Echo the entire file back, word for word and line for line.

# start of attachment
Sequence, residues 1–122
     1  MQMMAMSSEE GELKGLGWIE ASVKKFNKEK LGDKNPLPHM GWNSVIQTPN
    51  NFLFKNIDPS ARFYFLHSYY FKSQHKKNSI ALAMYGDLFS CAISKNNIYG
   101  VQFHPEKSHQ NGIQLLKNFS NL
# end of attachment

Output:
Sequence, residues 1–122
     1  MQMMAMSSEE GELKGLGWIE ASVKKFNKEK LGDKNPLPHM GWNSVIQTPN
    51  NFLFKNIDPS ARFYFLHSYY FKSQHKKNSI ALAMYGDLFS CAISKNNIYG
   101  VQFHPEKSHQ NGIQLLKNFS NL